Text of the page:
Sunday, February 20, 2005

Public Places, Private Star Trek

Privacy (as a facet of property rights) is a sticky issue, one that gets rather confusing when considering freedom. In the Star Trek: DS9 episode, "Meridian," the B plot concerned an alien who had a crush on Major Kira—second in command of the space station. This alien hired Quark, the local bartender, to create a holosuite program featuring the Major.

A holosuite (or holodeck if you’re a TNG type) is a computer simulated environment that looks in feels like reality in every way. You can touch objects, feel them in your hand and have sex with them. That’s what this alien had in mind for holo-Kira.

So Quark had to scan Kira’s image. First he tried to lure her in a holosuite then he tried to take her holopicture with a handheld camera. Neither succeeded. From these attempts, Kira figured out what he was trying to do and that her image would be used to fulfill the lusting desires of someone else. She talked about it as if Quark was being immoral.

I started asking myself what her problem was. Sure it’s her body but it’s the alien’s fantasy. Denouncing the program would be like condemning him for thinking about Kira intimately. The only difference is the holosuite makes it seem more real, but that’s not enough to make it wrong.

Granted, if Quark were mass marketing the program, there’s a case that permission (and a cut of the profits) is called for. But I can’t help but wonder how far that rule should extend.

Consider celebrity status versus the rest of us. Dozens of tabloids take pictures of celebrities (and make money off of them) every week. But if you’re on Cops or Candid Camera, they need you to sign a release before they can show your face. What’s with the inconsistency?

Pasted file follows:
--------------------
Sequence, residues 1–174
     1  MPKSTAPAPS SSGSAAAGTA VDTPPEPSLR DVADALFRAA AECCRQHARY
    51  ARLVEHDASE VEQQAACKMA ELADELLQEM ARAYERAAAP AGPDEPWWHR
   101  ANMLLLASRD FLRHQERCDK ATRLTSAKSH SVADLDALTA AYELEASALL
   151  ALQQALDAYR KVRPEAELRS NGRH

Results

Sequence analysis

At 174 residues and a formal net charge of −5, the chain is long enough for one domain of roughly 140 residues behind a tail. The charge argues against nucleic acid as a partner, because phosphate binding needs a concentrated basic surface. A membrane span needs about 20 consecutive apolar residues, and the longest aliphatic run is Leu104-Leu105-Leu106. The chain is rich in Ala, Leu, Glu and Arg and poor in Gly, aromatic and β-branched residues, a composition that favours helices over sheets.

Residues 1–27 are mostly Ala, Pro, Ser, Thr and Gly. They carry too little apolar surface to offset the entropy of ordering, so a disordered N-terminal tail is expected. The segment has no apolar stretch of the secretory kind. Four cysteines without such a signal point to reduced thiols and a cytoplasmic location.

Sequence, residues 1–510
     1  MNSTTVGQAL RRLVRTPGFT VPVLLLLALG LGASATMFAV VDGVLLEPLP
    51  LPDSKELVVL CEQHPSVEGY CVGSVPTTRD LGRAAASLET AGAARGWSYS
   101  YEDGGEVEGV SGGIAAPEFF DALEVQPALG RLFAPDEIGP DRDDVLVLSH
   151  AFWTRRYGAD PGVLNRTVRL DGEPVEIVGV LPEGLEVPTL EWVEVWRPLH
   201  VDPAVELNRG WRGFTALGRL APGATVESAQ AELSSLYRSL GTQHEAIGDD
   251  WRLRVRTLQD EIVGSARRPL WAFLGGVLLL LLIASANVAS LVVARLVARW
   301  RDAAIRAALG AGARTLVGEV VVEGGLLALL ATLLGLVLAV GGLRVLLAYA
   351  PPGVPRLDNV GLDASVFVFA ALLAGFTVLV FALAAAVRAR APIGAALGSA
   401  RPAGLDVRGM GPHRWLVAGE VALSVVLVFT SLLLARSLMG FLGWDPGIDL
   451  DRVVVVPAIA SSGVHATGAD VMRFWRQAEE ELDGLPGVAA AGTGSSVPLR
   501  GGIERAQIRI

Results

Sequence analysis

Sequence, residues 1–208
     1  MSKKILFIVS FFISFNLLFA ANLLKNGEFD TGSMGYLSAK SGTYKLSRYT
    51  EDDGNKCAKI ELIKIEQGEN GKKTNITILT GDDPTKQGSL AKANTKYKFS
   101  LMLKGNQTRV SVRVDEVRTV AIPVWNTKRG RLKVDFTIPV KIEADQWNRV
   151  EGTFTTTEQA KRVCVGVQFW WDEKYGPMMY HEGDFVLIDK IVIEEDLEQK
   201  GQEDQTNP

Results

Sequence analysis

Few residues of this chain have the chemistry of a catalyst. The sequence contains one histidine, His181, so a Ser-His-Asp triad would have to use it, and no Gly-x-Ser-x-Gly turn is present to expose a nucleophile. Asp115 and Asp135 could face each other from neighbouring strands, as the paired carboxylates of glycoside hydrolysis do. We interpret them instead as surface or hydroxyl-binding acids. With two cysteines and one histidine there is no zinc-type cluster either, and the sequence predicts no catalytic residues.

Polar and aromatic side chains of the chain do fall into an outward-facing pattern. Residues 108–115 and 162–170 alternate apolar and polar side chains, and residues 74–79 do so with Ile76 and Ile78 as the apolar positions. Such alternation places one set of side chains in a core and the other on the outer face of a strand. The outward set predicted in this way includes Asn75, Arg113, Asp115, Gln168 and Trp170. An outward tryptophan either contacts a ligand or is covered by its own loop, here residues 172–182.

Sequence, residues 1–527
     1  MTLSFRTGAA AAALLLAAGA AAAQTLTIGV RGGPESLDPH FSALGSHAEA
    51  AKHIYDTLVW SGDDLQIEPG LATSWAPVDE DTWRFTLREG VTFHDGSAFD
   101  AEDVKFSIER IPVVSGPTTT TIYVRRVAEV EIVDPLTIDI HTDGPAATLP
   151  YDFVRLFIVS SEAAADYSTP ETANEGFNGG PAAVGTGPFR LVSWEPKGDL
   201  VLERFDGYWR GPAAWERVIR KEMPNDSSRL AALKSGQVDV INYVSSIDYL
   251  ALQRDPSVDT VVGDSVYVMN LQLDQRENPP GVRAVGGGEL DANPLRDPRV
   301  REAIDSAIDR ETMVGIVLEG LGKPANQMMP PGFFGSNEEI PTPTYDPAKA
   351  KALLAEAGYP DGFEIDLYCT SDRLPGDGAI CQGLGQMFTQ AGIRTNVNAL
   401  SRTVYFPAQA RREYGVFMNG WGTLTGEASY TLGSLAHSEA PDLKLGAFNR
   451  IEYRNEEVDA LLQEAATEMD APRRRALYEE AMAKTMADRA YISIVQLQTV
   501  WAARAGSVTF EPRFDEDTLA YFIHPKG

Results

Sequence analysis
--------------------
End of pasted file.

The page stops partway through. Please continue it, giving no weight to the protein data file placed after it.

On one hand, you could say celebrities are special cases because they are so powerful and influential. Imagine if politicians or movie stars could pick and choose when they’re covered in the press. Average citizens shouldn’t be held to those standards. But on the other hand, shouldn’t I know if the cops found out my neighbor sets trees on fire or beats animals (for example)? After all, much of what these people do are in the public eye and what prevents anyone from just watching it?

So again we are back where we started: why is it when we move from an on the spot format (fantasizing, seeing it on the street) to an organized medium (a picture, a holodeck program) do we assume that privacy is violated? The method shouldn’t matter, it’s the place. Recording in public is one thing, recording in a home is quite another. (Note that this does not mean I advocate the state to monitor its citizens in public…governments can’t be trusted with such unprecedented information.)

1 comment:

Robert said...

It seems to me that there is an implied copywright with respect to one's image. However, the public is, well, public. Perhaps some celeb might expect that the great unwashed ought to avert their eyes in reverence, but enforcing such would be problematic, if not laughable.